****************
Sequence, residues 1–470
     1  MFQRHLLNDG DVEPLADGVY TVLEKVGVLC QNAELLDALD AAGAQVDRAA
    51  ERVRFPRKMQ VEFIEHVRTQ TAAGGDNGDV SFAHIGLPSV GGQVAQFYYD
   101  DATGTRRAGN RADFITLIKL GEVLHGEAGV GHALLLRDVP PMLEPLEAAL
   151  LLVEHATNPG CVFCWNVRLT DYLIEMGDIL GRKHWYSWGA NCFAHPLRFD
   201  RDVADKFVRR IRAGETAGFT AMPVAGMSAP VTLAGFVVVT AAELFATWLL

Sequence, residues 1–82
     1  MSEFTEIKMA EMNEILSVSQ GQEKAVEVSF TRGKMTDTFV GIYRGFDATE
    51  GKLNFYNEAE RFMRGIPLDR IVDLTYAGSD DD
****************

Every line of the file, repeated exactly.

Sequence, residues 1–470
     1  MFQRHLLNDG DVEPLADGVY TVLEKVGVLC QNAELLDALD AAGAQVDRAA
    51  ERVRFPRKMQ VEFIEHVRTQ TAAGGDNGDV SFAHIGLPSV GGQVAQFYYD
   101  DATGTRRAGN RADFITLIKL GEVLHGEAGV GHALLLRDVP PMLEPLEAAL
   151  LLVEHATNPG CVFCWNVRLT DYLIEMGDIL GRKHWYSWGA NCFAHPLRFD
   201  RDVADKFVRR IRAGETAGFT AMPVAGMSAP VTLAGFVVVT AAELFATWLL

Sequence, residues 1–82
     1  MSEFTEIKMA EMNEILSVSQ GQEKAVEVSF TRGKMTDTFV GIYRGFDATE
    51  GKLNFYNEAE RFMRGIPLDR IVDLTYAGSD DD